Why NRL needs two more teams


Original story located here

FIVE years ago the independent commission released a strategic plan to grow the game of rugby league.

Crowds would average 20,000 by 2017. (They have fallen 20 per cent short with the average now around 16,000 in the past two seasons and no sign of growth, especially in Sydney).

Also $200 million would be available for investment in key projects. (This money is not available).

Club membership would reach 400,000 by 2017. (It’s now 270,000).

The point of this column is not to criticise the NRL but to look at the only way to achieve the goals from the strategic plan. And that’s by NRL chief executive Todd Greenberg putting expansion back on the table.

This rubbish that the game cannot afford another two teams comes from ill-informed officials who have not even bothered to look at the benefits of adding a Perth team and a second side in Brisbane.


The NRL would get an extra $50 million a year from the television networks by paying for nine games instead of eight each weekend.

The current $2 billion broadcast deal averages out at $2 million per game.

The NRL would give the new clubs $12 million each in grants (the recently negotiated 30 per cent more than the salary cap).

That leaves the game with an extra $125 million over the five years of the broadcast deal from having nine games once the new clubs have been paid.


By introducing a Perth side, the NRL gets closer to being a national competition which would attract bigger corporate dollars.

It also importantly opens up a new timeslot for the broadcasters. Sydney clubs would get less night football and more of the fan-friendly afternoon kick-off times.

It would allow east coast kick-offs on a Sunday at 2pm and 4pm before a 6pm game out of Perth.

With the Western Force set to be scrapped from the Super Rugby competition, the timing is perfect.


Having a second Brisbane side would take away the Broncos’ ridiculously unfair financial advantage over their 15 rivals.

We would not have to watch them every Thursday or Friday night and they would have to cope with the odd five-day turnaround.

The second Brisbane side would share the prime-time kick-off to give broadcasters the ratings they want across Queensland. It would mean Australia’s best rugby league venue Suncorp Stadium would be used every weekend, not once a fortnight.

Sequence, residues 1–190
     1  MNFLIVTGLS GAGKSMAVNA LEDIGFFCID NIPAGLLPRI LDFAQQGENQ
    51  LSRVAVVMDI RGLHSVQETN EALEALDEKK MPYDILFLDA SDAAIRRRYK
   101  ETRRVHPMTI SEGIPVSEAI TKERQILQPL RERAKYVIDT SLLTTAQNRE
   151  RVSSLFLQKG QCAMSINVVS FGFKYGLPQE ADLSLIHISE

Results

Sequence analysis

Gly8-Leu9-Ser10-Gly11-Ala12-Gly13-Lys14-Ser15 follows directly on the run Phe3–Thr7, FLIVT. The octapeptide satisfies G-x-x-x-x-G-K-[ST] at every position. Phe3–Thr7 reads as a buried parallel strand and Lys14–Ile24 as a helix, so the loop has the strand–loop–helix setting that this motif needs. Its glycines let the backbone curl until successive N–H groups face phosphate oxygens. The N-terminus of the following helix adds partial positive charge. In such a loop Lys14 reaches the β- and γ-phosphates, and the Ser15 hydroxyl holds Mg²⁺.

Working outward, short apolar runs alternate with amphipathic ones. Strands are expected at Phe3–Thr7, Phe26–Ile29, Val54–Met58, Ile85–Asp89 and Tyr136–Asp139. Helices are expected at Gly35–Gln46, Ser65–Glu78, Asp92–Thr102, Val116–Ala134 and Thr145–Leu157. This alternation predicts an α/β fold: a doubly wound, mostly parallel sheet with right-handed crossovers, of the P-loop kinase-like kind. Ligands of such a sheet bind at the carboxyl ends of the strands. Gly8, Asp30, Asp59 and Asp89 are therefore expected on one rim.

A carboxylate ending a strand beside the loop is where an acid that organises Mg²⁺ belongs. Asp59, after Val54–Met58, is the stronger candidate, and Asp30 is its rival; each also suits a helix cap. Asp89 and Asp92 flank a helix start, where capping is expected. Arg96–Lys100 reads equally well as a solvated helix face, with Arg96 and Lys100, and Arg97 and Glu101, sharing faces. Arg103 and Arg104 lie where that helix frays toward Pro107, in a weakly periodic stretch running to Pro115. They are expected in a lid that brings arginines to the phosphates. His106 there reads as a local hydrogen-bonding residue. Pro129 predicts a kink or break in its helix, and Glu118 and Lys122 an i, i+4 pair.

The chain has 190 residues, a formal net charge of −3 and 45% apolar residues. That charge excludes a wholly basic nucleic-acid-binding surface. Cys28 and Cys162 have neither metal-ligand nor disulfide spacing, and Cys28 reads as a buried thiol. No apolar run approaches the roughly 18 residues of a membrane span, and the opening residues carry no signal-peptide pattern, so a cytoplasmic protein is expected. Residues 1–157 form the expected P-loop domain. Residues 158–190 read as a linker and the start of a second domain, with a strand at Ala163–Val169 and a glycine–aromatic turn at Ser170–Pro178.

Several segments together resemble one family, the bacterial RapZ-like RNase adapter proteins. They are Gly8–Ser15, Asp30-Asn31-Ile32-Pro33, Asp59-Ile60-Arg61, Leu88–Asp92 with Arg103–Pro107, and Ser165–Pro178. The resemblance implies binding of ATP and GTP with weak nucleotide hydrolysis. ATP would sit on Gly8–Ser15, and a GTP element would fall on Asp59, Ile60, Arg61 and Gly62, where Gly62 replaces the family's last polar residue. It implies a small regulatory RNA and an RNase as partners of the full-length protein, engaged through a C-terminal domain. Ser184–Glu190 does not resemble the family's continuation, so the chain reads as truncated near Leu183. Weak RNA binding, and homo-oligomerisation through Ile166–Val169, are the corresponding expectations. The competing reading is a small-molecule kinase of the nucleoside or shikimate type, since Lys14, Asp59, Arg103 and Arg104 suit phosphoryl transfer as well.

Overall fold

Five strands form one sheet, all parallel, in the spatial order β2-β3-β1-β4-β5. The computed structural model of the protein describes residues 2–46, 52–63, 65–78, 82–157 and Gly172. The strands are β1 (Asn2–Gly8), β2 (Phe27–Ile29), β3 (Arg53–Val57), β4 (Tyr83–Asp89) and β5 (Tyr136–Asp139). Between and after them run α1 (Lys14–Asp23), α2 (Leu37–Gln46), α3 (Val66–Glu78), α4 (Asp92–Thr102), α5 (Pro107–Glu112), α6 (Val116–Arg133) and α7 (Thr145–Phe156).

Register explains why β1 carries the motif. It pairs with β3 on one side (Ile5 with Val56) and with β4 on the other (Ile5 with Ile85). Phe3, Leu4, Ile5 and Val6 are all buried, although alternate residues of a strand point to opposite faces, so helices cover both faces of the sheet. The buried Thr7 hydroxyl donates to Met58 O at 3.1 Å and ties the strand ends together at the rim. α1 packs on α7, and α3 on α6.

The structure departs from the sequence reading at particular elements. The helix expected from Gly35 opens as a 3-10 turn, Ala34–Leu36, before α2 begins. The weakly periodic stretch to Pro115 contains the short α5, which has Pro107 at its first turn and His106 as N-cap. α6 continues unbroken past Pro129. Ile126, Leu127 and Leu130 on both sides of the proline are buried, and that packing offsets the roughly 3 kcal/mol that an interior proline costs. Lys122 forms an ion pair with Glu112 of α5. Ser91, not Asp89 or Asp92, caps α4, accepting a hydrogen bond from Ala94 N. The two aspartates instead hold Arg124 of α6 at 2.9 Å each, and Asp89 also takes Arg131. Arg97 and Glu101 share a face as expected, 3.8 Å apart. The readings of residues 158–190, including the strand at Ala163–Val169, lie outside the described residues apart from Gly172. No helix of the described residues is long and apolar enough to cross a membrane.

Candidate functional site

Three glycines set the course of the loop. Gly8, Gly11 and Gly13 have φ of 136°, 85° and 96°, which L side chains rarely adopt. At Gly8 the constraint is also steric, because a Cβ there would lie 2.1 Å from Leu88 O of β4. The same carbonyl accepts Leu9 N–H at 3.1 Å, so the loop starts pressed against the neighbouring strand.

An additional side north of the border would provide competition for the corporate dollar in Brisbane and not leave everything for the Broncos, who turn over almost $20 million a year more than rivals from the one-club, one city scenario.


The salary cap fiasco is going to force clubs to offload star players in the near future.

It has taken the NRL until now to reveal the 2018 cap will be just $8.3 million.

Some clubs have already signed players thinking it would be $10 million.

The two new clubs would open up great opportunities for the players. Anyone who says there is not enough talent for 18 clubs hasn’t done their research.

Melbourne Storm came into the competition in 1998 and won a premiership the following year. There are too many borderline NRL players who don’t get an opportunity with 16 clubs.

Expansion side Melbourne Storm won a premiership in their second season, in 1999.


Potential increase to the game’s average attendances.

Sydney crowds have been on a gradual decline for three decades. Now they have to compete with GWS and the Swans, Sydney FC and the Wanderers.

Most of the Sydney clubs are absolutely clueless about promoting home games.

They boast of increased membership but ignore the fact they are only picking up already rusted-on fans at reduced ticket prices.

Perth and Brisbane would surely attract bigger crowds than the 10,000 odd we often see in Sydney.

For too long expansion talks have been put on the backburner. Now is the time to strike. The aim should be to make it happen in 2020.

And it would at least give us hope of delivering the goals from the strategic plan.